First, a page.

Written by Michael Kulikowski, Modifed by Wikipedia contributors, published by Wikimedia.
Hydatius was born around the year 400 in the environs of Lemica, a Roman town near modern Xinzo de Limia in the northwestern Spanish province of Ourense. As a young boy, he travelled as a pilgrim to the Holy Land where he met St. Jerome in the latter's hermitage at Bethlehem. In 428 he was made a bishop, almost certainly of Chaves (the Roman Aquae Flaviae) in the modern Portuguese district of Vila Real, then part of the Roman province of Gallaecia. As bishop he had to come to terms with the presence of non-Roman powers, especially a succession of kings of the Suevi, in a province where imperial control became increasingly nominal during the course of his lifetime. The Suevi had settled in Gallaecia in 411, and there was constant friction between them and the local Hispano-Roman provincials. In this context, Hydatius took part in a deputation of 431 requesting assistance in dealing with the Suevi from the general Aëtius, the most important representative of the imperial government in the West.
Along with this concern, Hydatius devoted himself to rooting out heresy, not just in his own episcopal diocese, but in the rest of Spain as well. He was in frequent contact with some important bishops of the day, including Thoribius of Astorga and Antoninus of Mérida. Together with Thoribius, he petitioned Pope Leo I (reigned 440-461) for assistance and advice in dealing with heresy. Though Hydatius consistently characterizes Spanish heretics as Manichees, it is generally believed that he meant Priscillianists, followers of the Spanish ascetic and bishop Priscillian, who had been condemned as a heretic by several church councils and executed as a magician by the emperor Magnus Maximus (reigned 383-388) around 385. We know very little else about Hydatius' life, though we know he was kidnapped and imprisoned for a time in 460 by local enemies, which suggests he played an important role in the internal politics of Roman Gallaecia.
Hydatius' main claim to historical importance is the chronicle he wrote towards the end of his life. The chronicle was an historical genre very popular in Late Antiquity, though with precedents in older chronographic genres like the consular fasti. A consciously Christian genre, the main goal of the chronicle was to place human history in the context of a linear progression from the Biblical creation to the Second Coming of Christ. Under the entry for each year one or several events were listed, usually with great brevity. The greatest exponent of the form had been the fourth-century bishop Eusebius of Caesarea. Jerome brought the Greek chronicle of Eusebius up to date as far as the year 378, after translating the Eusebian portion into Latin. Jerome's translation and continuation proved very popular, and many others decided to continue Jerome in the same way that he had continued Eusebius.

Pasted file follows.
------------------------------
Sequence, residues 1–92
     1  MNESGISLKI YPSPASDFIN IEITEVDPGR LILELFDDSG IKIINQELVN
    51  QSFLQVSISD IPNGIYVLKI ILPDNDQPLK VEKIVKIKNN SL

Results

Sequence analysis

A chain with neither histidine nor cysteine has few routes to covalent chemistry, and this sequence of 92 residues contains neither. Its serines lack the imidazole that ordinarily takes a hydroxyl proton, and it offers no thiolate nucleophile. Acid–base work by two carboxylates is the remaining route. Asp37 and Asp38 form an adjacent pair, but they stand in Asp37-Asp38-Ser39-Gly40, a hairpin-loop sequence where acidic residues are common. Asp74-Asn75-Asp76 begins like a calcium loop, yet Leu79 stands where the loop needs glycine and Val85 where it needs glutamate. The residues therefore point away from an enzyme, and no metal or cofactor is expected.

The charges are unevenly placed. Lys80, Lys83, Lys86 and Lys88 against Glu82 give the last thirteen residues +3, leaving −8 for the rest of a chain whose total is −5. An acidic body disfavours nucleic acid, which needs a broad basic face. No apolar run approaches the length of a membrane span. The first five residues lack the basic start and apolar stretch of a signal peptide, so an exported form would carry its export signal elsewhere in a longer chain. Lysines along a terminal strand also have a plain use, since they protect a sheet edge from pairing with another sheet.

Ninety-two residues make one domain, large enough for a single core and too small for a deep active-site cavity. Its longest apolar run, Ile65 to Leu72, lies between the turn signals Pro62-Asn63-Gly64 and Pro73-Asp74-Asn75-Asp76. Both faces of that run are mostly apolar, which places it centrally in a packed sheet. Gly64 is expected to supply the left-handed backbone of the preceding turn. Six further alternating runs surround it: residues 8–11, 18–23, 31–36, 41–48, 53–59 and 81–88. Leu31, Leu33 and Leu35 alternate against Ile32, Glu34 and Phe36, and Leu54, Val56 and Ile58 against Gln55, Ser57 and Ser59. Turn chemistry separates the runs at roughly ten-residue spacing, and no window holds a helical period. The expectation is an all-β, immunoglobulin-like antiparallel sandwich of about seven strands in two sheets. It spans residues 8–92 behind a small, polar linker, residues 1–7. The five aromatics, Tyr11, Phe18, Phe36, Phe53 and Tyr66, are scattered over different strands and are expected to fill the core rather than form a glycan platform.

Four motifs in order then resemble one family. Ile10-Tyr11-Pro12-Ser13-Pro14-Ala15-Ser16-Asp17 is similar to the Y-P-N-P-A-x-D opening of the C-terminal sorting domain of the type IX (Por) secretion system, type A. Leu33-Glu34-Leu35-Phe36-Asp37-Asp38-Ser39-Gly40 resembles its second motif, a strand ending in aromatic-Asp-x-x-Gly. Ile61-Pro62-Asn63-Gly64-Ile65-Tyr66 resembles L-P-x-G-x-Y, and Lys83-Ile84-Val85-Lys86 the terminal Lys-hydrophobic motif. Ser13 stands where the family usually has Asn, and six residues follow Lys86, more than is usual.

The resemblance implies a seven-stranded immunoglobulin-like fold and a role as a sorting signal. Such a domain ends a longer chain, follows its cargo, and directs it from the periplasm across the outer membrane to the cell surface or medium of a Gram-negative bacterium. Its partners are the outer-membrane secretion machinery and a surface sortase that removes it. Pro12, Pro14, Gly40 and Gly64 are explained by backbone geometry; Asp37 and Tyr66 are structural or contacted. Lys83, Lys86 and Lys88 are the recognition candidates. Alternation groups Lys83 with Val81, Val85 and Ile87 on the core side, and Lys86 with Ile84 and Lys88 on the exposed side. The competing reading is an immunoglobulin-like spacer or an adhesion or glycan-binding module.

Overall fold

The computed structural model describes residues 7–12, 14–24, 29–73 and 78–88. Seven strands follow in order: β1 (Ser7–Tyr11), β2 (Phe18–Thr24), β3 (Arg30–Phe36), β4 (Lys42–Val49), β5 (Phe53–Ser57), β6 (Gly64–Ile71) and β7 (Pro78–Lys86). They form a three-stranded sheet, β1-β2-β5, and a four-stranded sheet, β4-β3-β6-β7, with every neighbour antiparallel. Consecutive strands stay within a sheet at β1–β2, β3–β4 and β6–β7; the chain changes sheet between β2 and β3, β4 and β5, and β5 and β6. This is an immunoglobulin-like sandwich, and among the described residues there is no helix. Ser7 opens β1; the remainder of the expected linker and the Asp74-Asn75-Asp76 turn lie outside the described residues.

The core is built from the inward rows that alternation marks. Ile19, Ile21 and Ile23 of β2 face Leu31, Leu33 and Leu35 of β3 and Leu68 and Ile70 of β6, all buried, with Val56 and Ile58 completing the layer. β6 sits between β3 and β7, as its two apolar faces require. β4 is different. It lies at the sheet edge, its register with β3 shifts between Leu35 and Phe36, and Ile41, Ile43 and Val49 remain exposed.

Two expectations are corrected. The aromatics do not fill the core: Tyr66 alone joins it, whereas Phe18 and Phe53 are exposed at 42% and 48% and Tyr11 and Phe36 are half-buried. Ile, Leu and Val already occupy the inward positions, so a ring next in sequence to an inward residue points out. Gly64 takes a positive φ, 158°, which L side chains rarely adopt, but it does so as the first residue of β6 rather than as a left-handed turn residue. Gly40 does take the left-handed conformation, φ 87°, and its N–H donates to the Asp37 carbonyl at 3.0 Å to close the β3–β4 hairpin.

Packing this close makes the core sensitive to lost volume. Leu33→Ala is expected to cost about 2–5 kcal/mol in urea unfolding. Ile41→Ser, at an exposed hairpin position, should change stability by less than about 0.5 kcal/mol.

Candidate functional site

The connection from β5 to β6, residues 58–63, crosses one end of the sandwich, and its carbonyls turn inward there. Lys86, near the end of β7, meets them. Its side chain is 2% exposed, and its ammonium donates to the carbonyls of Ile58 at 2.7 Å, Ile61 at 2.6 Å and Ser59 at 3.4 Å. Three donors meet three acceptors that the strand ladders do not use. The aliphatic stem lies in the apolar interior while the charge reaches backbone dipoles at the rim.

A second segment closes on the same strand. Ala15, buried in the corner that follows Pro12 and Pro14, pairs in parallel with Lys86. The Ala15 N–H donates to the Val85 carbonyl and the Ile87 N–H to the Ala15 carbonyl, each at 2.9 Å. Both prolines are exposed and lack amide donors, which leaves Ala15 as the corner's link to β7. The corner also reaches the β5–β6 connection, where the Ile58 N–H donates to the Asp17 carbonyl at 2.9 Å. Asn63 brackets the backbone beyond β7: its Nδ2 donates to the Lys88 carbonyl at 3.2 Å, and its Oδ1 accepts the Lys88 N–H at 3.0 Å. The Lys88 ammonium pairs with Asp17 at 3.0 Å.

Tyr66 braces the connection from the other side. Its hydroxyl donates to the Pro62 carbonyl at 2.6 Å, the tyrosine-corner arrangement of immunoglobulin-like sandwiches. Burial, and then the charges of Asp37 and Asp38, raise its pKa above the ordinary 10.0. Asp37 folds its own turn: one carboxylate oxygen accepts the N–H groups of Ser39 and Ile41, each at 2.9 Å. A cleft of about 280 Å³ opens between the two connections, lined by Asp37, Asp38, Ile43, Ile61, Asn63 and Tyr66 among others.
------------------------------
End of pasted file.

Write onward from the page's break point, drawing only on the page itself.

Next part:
Hydatius was one such continuator. His continuation begins with a preface explaining his debt to Jerome, and then picks up in the year 379. Hydatius had access to a number of chronographic and historical sources -- though precisely how many is disputed, and used four parallel chronological systems. Because of this, and particularly towards the end of the chronicle, it can be difficult to translate his chronology into any modern calendar. At the beginning, Hydatius' continuation offers relatively little information for each year, but it becomes increasingly full as the years progress until it resembles an organic literary work more than a typical chronicle. Hydatius' main concern throughout is to show the dissolution of civil society in the western Roman empire and Spain in particular, and he paints a very dark picture of 5th century life. His deep pessimism may stem from a belief in the imminent end of the world, since he had read the apocryphal letter of Christ to Thomas, which showed that the world would end in May 482. Hydatius may thus have believed that he was chronicling the world's last days, and on occasion he deliberately distorted his account to show events in a gloomier light. This is especially true of the narrative climax of his account, the sack in 456 of the Suevic capital at Braga by the Gothic king Theoderic II, acting in the service of the Roman emperor Avitus (reigned 455-456). Regardless of his sometimes very sophisticated literary devices, Hydatius' chronicle is an essential source of information for reconstructing the course of fifth-century events. Moreover, it is our only source for the history of Spain in the period up to 468, at which point the narrative breaks off abruptly. It is assumed that Hydatius never had the opportunity to finish his work and that he must, therefore, have died in that year or soon after.
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